I remember when my mother first fed me broccoli. It was a warm July evening and the sun was still high in the sky. Because it was still so lighted, my parents left the lights off as we ate dinner.
Being only ten years old and not growing in height as fast as the other children in my class, including the girls, I could not serve myself food, because I couldnâ€™t reach the stove top where the pot of spaghetti sat. My mother took the Sesame Street plate from me and put a large serving of spaghetti on it.
â€œEat up and some day youâ€™ll be big enough to serve yourself…â€ she said to me.
Then she whispered under her breath, â€œ…because Iâ€™m not going to serve you forever.â€
I thanked my mother and walked to the table. At the table, there was a loaf of garlic Italian bread and a mound of green things that looked like aliens from outer space with gigantic afros. I imagined the afro was what The Great Kazooâ€™s hair must have looked like with his helmet off, when he wasnâ€™t helping Fred Flintstone.
Sitting at the table was difficult for me because I was so short. I couldnâ€™t reach the garlic Italian bread nor the green things with gigantic afros. Seeing the trouble I was having, my mother placed a slice of bread and a small stack of green things on the edge of my plate.
â€œWhat are the green things with the gigantic afros?â€ I asked my mom.
â€œItâ€™s broccoli,â€ she replied, â€œIt will help you grow big and strong…â€
Then she said quietly to herself, â€œ…so you can support yourself some day and move out of the house.â€
I picked up one of the green things with a gigantic afro and began playing with it. Then I decided to give the green thing with the gigantic afro a haircut like Mr. Tâ€™s. After gnawing on the afro for a few moments and spitting out the parts I had gnawed off, I formed the mohawk I wanted. I grabbed a noodle from my spaghetti and wrapped it around the green thing with a mohawk, pretending it was a big gold chain, just like the ones the real Mr. T wore.
â€œI pity the fool who donâ€™t eat spaghetti,â€ I said, shaking the green thing with a mohawk. â€œI pity the fool who donâ€™t eat bread.â€
â€œStop playing with your food,â€ my mother said to me.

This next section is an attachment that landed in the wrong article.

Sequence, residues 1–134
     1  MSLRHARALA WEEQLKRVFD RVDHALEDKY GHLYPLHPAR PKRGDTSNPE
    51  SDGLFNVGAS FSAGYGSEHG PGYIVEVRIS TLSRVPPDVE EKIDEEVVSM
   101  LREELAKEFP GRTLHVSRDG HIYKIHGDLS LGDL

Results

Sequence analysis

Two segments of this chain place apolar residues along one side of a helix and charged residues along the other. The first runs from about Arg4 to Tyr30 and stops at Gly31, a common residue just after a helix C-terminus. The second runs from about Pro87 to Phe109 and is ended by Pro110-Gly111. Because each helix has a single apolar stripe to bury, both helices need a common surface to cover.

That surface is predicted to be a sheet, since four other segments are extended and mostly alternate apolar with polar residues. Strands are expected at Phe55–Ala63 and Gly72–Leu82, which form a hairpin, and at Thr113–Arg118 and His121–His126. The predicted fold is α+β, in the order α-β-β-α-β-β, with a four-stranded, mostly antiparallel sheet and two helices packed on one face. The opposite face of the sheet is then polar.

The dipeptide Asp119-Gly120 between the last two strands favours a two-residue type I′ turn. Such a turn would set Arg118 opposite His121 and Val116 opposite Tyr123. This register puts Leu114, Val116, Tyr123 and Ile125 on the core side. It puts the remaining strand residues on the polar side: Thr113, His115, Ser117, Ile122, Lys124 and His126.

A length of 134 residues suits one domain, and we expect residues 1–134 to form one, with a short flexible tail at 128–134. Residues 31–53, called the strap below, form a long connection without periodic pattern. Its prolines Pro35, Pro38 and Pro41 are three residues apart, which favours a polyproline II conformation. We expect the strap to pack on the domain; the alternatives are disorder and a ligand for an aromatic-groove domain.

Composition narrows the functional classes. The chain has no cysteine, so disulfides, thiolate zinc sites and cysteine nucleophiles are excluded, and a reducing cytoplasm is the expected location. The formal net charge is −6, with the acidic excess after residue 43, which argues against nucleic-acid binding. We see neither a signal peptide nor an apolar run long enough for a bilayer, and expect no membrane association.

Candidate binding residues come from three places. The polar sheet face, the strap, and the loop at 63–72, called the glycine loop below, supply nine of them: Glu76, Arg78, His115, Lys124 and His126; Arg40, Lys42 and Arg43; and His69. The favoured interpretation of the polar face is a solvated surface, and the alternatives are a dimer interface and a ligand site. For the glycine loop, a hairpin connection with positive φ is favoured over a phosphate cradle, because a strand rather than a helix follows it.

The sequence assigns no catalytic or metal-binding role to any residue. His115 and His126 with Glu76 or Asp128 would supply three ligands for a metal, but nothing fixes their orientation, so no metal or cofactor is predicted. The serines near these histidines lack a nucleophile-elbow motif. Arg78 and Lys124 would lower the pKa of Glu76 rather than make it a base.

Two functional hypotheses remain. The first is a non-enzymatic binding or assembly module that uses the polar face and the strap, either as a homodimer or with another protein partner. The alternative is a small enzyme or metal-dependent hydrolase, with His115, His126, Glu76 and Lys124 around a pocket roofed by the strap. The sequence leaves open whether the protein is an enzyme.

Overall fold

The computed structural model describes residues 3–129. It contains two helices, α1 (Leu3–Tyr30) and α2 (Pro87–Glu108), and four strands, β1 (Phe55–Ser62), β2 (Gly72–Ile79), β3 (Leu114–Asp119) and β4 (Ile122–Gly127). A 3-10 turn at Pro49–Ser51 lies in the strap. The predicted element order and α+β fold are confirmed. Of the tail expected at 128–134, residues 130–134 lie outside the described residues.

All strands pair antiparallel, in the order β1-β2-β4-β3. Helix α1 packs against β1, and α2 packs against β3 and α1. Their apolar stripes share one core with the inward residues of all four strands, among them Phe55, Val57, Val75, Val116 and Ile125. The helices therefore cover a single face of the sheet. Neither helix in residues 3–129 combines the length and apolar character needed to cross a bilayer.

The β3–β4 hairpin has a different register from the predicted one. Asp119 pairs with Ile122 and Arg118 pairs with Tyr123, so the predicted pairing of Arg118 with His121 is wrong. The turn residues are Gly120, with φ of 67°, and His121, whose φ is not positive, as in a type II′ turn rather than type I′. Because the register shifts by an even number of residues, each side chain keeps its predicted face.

â€œWhy?â€ I asked her.
â€œBecause itâ€™s rude to play with your food…â€ she said.
Then she said as softly as she could, â€œ…and youâ€™ll never find a woman to marry you if you keep playing with your food.â€
I looked at my newly created green Mr. T. and said, â€œI pity the green thing with the mohawk.â€
Then I chomped the mohawk off.
From that moment on, Iâ€™ve enjoyed broccoli. However, it was much later in life that I realized broccoli would be better with some kind of topping. The topping of choice was melted Velveeta cheese, because it was the only topping I had seen on broccoli, thanks to the Velveeta commercials. Broccoli and melted Velveeta was damn good.
So when I picked up a can of Campbellâ€™s Carb Request Chicken Broccoli Cheese Soup, I expected good things. Unfortunately, I pity the fool who purchased the Campbellâ€™s Carb Request Chicken Broccoli Cheese Soup.
Of course, that was me.
The aroma from the pot I was warming up the soup in turned out to be an accurate indicator of how the soup tasted. It was bland, like the future music offerings coming from celebrity siblings with the last names of Spears, Simpson, and Duff.
The pieces of broccoli were tiny and almost seemed nonexistent with every spoonful. There were big chunks of white chicken meat, although this disappointed the equal opportunity activist in me, hoping that were also big chunks of dark chicken meat.
After all, you know what they say about dark chicken meat, â€œOnce you go dark, youâ€™ll never want to be apart.â€
– This was an excerpt from Chicken Broccoli Cheese Soup for the Quasi-Product Review Blog Editor’s Soul
Item: Campbellâ€™s Carb Request Chicken Broccoli Cheese Soup
Purchase Price: $2.00 (on sale)
Rating: 2 out of 5
Pros: Big chunks of chicken. I actually enjoy broccoli. Mr. T. looking broccoli.
Cons: Bland. Not much broccoli. No dark meat. Low-carb.